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Verint OKs plan to split cyberintelligence, call-center businesses

Dan Bodner, CEO of Verint Systems Inc.

Dan Bodner, CEO of Verint Systems Inc. Credit: Newsday/Audrey C. Tiernan

Verint Systems Inc., Long Island's sixth-largest public company, has approved a plan to split its cyberintelligence and call-center businesses into two public companies.

Shares in the Melville company soared 6.9% to close Thursday at $51.09.

A Verint spokesman said in an email Thursday that the larger customer engagement business, which provides corporate call center, digital marketing and back office services, would continue to be based in Melville, but that the location of the cyberintelligence company's headquarters would be disclosed in the future.     

Wedbush Securities analyst Daniel Ives said in a research note that the company's "monumental move" follows pressure from investors. Ives said splitting the company will unlock shareholder value through the planned tax-free spinoff of the cyberintelligence business.

The deal will require final approval of Verint's board of directors and clearance from regulators and tax authorities in the United States and Israel.

As of Jan. 31, the company had about 6,100 employees and contractors, with about 41% in the Americas and 25% in Israel.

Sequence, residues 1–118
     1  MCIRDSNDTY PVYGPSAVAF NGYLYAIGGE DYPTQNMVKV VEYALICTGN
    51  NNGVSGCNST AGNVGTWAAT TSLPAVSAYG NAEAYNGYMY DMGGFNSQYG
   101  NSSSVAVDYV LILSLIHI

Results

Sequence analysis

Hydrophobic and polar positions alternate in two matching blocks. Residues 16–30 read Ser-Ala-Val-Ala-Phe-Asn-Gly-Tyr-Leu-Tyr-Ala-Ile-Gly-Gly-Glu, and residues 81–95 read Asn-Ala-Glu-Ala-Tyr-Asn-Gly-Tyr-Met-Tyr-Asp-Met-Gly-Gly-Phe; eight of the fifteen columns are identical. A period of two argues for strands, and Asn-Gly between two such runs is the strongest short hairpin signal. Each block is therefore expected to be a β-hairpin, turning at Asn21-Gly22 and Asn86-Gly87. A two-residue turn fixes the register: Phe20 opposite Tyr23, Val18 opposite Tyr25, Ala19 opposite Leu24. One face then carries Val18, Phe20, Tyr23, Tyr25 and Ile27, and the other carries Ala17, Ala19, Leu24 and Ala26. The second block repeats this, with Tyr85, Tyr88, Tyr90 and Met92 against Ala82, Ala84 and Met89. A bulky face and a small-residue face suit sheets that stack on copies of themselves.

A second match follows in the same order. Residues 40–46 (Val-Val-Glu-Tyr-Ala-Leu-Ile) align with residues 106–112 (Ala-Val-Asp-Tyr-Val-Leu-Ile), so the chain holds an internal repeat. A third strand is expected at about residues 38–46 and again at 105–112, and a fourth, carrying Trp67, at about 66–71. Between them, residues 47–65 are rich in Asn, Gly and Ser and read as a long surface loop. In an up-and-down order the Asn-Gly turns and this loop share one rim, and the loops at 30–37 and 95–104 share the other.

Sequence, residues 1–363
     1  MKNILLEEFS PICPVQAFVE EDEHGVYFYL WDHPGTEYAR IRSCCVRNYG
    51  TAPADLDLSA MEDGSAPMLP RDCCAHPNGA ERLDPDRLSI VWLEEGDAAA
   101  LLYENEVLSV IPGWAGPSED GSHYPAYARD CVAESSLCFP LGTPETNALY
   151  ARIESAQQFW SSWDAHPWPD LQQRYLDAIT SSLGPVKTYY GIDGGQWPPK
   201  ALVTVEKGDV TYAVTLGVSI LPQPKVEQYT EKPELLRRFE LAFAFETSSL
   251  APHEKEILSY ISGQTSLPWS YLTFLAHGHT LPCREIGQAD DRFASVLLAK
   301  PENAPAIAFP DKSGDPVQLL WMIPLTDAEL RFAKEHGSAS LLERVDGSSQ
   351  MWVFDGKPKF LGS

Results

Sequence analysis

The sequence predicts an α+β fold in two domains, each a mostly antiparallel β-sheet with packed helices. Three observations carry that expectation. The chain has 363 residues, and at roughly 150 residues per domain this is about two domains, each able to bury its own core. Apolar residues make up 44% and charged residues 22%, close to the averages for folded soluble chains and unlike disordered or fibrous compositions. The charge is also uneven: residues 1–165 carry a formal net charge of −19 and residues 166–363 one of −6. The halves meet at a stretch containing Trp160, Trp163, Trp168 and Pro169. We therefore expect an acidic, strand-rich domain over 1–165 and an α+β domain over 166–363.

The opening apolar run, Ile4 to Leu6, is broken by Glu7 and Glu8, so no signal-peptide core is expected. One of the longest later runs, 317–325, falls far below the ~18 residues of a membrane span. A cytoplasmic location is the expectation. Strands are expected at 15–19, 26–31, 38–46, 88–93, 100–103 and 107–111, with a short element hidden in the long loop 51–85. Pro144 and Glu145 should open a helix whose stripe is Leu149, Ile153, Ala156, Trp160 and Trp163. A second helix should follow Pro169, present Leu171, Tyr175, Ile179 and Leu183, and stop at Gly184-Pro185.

Verint's 49,000-square-foot headquarters in Melville houses executive management, finance, legal and human resources functions, its 133,000-square-foot Alpharetta, Georgia, facility is used for administration, marketing and product development and its 176,000-square-foot facility in Herzliya, Israel, provides space for manufacturing and research and development for the cyberintelligence business.

The corporate carve out is expected to be completed around February 2021.

Verint also announced a plan by Apax Partners, a London-based private equity fund, to take a stake in the company worth up to $400 million.

Verint chief executive Dan Bodner said that Apax will provide expertise in executing the carve-out of the cyberintelligence business and Verint's move toward providing clients with cloud services.

Cloud computing services let customers tap applications through the internet instead of installing the software on servers or mainframes in their own data centers.

In a conference call after the stock market close Wednesday, Bodner said separating the businesses will help the business units "achieve even better performance of the long term."

In an effort to give the units "more operational agility," Verint already has "substantially separated" the sales, services, marketing, product management and research and development segments of each business, he said.

Verint's call-center business serves major corporate clients, including Walmart, Merck, State Farm and Verizon. Its cyberintelligence business provides data-mining and security-threat analysis software used by law enforcement and intelligence agencies to fight crime and terrorism.

In 2018, Verint posted revenue of $1.2 billion, making it one of Long Island's largest public companies. After the market close Wednesday, Verint reported net income of $11.7 million on revenue of $324.9 million for the quarter ended Oct. 31. Cyberintelligence accounted for revenue of $106.9 million, while customer engagement accounted for $217.9 million.

In April, Manhattan asset manager Neuberger Berman Investment Advisors LLC launched a proxy challenge to unseat three incumbent Verint directors. As part of that challenge, which was called off in June, Neuberger Berman questioned whether there was synergy between Verint's two business lines.

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